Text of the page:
The principles of the invention, when combined with the above teachings, provide the process of producing sintered silicon films for solar cells which are, essentially, pore-free.
The present invention comprises an extension of utilizing germanium as a sintering aid for dense sintering of Si layers produced from the earlier-described Si slurry, which can contain less than about 5 gram atomic percent of germanium therein.
In accordance with the principles of the invention, a germanium powder is distributed, as by sprinkling, onto an upper surface of a Si slurry layer as uniformly as possible and the resultant Si layer having powdered germanium thereon is then subjected to sintering as earlier described. An exemplary embodiment of this is illustrated at FIG. 2 wherein a Si slurry layer 42 is provided on its upper surface with a layer of germanium powder 44.
In preferred embodiments, a second similar Si slurry layer 43 can be positioned on top of the first Si layer 42, more precisely, on the germanium powder layer 44 positioned on layer 42. This stacked layer structure, comprised of layers 42, 44 and 43, which are in close proximity to one another, is then sintered on an inert, temperature-stable sintering support base at a select sintering temperature (below about 1430° C.). In certain instances, a weight or pressure-applying means can be provided on the upper surface of, for example, layer 43, so that the stacked structure (defined by layers 42, 44 and 43) does not buckle or otherwise become deformed during sintering.
In other embodiments of the invention, a plurality of Si layers, similar to layers 42 and 43, can be superimposed or stacked on on another to define a stack, in which between each two adjacent Si layers, a layer of germanium powder is provided, similar to that illustrated between layers 42 and 43. In other embodiments, a germanium powder layer, similar to layer 44, can be provided between each adjacent Si layer arranged in a stack of a desired thickness and such stack can then be subjected to common sintering conditions as described earlier.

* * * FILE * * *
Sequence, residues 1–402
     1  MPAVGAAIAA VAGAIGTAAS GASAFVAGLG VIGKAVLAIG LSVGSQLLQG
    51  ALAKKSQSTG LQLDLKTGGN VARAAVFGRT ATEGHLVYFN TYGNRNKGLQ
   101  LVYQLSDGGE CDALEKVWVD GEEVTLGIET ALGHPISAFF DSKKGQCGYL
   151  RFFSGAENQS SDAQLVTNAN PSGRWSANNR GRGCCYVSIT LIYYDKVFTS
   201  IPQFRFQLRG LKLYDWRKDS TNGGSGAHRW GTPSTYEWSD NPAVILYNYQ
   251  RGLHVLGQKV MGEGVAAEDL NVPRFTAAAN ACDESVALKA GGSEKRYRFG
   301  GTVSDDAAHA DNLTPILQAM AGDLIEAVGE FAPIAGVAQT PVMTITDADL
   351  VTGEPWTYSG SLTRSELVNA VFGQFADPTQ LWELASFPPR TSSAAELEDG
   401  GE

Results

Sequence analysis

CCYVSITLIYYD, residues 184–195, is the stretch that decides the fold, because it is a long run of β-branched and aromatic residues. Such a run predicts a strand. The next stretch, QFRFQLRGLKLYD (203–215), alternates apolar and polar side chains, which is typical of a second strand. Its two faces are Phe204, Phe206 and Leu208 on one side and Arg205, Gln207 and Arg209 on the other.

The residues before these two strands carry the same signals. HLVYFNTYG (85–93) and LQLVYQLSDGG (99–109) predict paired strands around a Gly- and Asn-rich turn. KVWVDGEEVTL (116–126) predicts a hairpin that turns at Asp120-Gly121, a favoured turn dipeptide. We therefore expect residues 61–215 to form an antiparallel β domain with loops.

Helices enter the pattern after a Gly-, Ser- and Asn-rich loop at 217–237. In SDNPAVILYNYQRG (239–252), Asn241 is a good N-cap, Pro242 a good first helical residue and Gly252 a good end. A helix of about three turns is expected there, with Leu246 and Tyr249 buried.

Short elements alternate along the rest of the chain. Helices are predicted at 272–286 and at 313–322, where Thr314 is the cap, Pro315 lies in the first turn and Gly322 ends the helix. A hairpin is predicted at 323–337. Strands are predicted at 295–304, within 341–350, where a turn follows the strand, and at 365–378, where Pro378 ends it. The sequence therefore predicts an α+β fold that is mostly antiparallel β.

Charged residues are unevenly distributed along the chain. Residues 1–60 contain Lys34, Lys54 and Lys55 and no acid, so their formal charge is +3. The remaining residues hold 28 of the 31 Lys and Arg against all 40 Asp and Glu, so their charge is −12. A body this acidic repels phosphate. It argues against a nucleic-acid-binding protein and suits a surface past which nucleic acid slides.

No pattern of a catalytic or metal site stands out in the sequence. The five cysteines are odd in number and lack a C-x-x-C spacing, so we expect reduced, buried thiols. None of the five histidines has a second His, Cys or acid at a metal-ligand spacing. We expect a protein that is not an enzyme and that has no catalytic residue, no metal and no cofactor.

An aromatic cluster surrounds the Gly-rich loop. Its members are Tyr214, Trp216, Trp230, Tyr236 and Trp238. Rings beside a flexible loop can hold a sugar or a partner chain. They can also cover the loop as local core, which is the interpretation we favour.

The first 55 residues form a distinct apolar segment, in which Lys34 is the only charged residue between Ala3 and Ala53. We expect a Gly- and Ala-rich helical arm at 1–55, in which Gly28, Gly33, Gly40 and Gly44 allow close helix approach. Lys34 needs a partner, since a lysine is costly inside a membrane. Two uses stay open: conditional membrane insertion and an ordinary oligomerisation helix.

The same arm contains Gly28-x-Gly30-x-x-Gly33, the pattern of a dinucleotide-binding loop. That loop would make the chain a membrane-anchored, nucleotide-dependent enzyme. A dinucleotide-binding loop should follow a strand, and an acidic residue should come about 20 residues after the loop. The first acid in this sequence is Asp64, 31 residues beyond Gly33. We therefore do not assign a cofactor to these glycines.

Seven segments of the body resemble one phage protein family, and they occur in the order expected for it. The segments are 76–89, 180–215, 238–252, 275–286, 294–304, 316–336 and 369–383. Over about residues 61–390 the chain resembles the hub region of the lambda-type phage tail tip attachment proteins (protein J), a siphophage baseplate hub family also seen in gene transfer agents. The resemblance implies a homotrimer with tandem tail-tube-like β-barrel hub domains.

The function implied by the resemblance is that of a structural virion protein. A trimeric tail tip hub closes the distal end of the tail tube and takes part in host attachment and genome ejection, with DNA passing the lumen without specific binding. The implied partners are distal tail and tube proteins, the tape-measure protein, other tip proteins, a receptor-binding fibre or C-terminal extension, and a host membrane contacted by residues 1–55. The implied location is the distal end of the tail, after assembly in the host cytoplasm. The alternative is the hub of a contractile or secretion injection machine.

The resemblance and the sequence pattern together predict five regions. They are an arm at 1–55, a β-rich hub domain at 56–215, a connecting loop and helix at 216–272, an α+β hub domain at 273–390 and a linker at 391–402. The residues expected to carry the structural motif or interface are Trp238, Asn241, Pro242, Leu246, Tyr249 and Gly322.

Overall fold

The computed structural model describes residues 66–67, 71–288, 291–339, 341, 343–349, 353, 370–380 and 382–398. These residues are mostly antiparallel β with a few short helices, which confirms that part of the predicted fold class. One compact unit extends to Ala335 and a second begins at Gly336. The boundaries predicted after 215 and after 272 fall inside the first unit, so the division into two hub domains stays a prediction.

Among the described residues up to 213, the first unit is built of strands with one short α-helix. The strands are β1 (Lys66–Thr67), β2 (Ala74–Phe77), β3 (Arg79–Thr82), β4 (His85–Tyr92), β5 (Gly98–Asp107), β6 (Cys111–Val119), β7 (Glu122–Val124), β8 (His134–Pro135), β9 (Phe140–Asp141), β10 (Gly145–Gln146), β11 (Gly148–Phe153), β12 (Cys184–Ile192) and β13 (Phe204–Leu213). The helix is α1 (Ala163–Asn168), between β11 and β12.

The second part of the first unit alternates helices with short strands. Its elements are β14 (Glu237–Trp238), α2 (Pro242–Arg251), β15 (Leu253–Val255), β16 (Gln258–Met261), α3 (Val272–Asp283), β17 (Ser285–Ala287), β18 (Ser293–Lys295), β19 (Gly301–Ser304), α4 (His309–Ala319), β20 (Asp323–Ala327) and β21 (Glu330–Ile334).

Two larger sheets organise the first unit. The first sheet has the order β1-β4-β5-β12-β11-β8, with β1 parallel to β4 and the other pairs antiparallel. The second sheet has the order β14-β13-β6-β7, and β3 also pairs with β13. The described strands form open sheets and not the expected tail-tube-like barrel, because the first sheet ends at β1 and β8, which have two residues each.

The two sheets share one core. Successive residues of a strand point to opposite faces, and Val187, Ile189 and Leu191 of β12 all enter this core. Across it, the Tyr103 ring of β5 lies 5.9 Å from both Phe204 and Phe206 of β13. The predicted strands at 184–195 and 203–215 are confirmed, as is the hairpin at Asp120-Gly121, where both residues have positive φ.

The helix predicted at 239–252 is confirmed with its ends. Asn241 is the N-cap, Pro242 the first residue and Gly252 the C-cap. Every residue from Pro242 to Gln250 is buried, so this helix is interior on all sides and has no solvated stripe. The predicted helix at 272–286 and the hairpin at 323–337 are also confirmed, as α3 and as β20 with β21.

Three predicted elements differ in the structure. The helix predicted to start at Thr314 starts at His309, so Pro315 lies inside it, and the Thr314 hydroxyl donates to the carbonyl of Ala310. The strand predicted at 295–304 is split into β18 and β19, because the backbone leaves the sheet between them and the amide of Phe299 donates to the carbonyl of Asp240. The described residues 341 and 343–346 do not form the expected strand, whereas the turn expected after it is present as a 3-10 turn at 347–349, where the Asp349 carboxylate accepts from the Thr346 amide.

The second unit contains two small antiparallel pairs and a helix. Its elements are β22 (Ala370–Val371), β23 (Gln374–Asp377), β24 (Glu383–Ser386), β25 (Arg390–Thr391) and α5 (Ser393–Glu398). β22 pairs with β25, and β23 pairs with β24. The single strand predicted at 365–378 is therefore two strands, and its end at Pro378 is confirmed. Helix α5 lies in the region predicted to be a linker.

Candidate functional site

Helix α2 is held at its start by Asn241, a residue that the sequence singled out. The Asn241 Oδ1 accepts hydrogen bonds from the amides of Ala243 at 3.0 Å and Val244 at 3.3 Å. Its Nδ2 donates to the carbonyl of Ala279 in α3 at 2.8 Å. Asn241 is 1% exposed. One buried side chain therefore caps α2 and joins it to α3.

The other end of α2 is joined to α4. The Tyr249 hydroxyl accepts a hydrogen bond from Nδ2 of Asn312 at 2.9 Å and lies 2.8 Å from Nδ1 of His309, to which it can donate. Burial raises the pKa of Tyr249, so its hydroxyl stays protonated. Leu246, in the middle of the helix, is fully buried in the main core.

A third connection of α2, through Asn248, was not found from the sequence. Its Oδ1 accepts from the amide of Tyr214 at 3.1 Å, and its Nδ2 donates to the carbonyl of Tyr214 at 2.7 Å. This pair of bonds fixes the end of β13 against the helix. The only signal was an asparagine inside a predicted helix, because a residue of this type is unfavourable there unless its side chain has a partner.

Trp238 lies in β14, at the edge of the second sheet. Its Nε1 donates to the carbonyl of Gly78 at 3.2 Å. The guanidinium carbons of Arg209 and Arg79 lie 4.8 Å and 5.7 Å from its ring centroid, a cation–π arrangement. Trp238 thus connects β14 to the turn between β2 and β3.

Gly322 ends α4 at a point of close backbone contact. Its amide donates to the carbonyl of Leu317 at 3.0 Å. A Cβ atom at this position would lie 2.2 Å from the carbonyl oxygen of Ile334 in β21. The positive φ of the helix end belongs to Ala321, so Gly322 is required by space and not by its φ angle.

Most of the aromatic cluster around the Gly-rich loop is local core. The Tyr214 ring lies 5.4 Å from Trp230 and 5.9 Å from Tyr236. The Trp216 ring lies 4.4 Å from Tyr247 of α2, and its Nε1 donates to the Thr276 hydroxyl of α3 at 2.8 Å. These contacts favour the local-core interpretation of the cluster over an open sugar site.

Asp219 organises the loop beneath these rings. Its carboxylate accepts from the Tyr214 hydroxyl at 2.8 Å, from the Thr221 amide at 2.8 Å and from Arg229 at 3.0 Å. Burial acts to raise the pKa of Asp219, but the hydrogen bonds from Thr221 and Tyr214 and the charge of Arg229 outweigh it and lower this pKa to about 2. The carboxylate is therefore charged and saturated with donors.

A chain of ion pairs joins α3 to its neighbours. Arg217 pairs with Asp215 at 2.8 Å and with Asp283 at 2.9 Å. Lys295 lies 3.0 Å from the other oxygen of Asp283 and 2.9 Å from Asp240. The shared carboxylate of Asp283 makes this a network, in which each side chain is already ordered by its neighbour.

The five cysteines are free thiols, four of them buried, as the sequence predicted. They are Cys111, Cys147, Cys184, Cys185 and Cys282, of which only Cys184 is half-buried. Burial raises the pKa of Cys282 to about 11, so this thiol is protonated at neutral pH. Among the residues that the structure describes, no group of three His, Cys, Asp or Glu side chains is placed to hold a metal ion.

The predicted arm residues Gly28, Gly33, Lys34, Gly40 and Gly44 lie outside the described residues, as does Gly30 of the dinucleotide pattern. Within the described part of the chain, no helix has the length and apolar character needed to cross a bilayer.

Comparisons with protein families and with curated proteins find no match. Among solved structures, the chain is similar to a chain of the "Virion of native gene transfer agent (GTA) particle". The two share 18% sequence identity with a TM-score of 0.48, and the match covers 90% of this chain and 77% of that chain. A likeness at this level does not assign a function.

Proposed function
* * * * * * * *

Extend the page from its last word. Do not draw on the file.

The sintering occurs at such conditions that the germanium powder melts and at least partially alloys with Si of, for example, the Si layers 42 and 43 which do not melt at the sintering temperatures utilized. In other words, the respective surface layer of each Si layer in contact with the germanium powder layer forms a thin layer alloy of Si and Ge.
However, and surprisingly, the germanium layer 44 not only acts as a sintering aid by providing a molten phase which closes any pores in the adjacent Si layer, but it also functions as a separation means. Quite unexpectedly, two sintered Si layers, such as 42 and 43, can be readily separated from one another without difficulties, after completion of the sintering process or step, i.e., individual Si layers, sintered in a stack, can readily be separated from one another in a problem-free fashion.
As is apparent from the foregoing specification, the present invention is susceptible of being embodied with various alterations and modifications which may differ particularly from those that have been described in the preceding specification and description. For this reason, it is to be fully understood that all of the foregoing is intended to be merely illustrative and is not to be construed or interpreted as being restrictive or otherwise limiting of the present invention, excepting as it is set forth and defined in the hereto-appended claims.